The business and assets will then be realised by the official receiver or an appointed Liquidator and this process is known as compulsory liquidation. The Insolvency Service, along with assistance from the Liquidator will investigate the company and its directors to ensure that the company inability to pay the debt was not as a result of fraudulent trading, or wrongdoing on the directors’ part. They will look at transactions over the previous two to five years, to see if they need to be undone.
Any evidence of wrongdoing, is reported to the Insolvency Service and can lead to a fine and/or director disqualification. The directors can also be made personally liable for any debt if a court decides that they acted wrongfully.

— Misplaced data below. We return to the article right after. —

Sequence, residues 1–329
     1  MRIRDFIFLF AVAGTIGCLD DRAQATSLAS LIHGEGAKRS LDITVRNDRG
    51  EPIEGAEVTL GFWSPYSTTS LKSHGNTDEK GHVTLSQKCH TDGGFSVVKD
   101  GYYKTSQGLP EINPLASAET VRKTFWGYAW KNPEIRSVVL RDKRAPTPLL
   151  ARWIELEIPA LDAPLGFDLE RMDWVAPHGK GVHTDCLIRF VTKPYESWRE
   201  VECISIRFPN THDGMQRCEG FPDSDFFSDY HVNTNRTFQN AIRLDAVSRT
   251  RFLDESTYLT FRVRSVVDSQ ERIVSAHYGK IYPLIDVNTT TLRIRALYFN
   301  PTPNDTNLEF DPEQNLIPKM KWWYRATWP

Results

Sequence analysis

If you need further advice about issuing a WUP or any aspect related to the cost of winding up a company, you can call our expert team on 0300 303 8284 to discuss the best course of action for you. Alternatively, contact us online by email or online contact form and we’ll reply as soon as we can with the right company liquidation advice for you.
Our friendly and highly skilled team here at The Insolvency Experts have helped many company Directors to explore processes of debt recovery to help keep their own companies sustainable, as well as looking into winding up their own company through a process of liquidation if the need ever arises.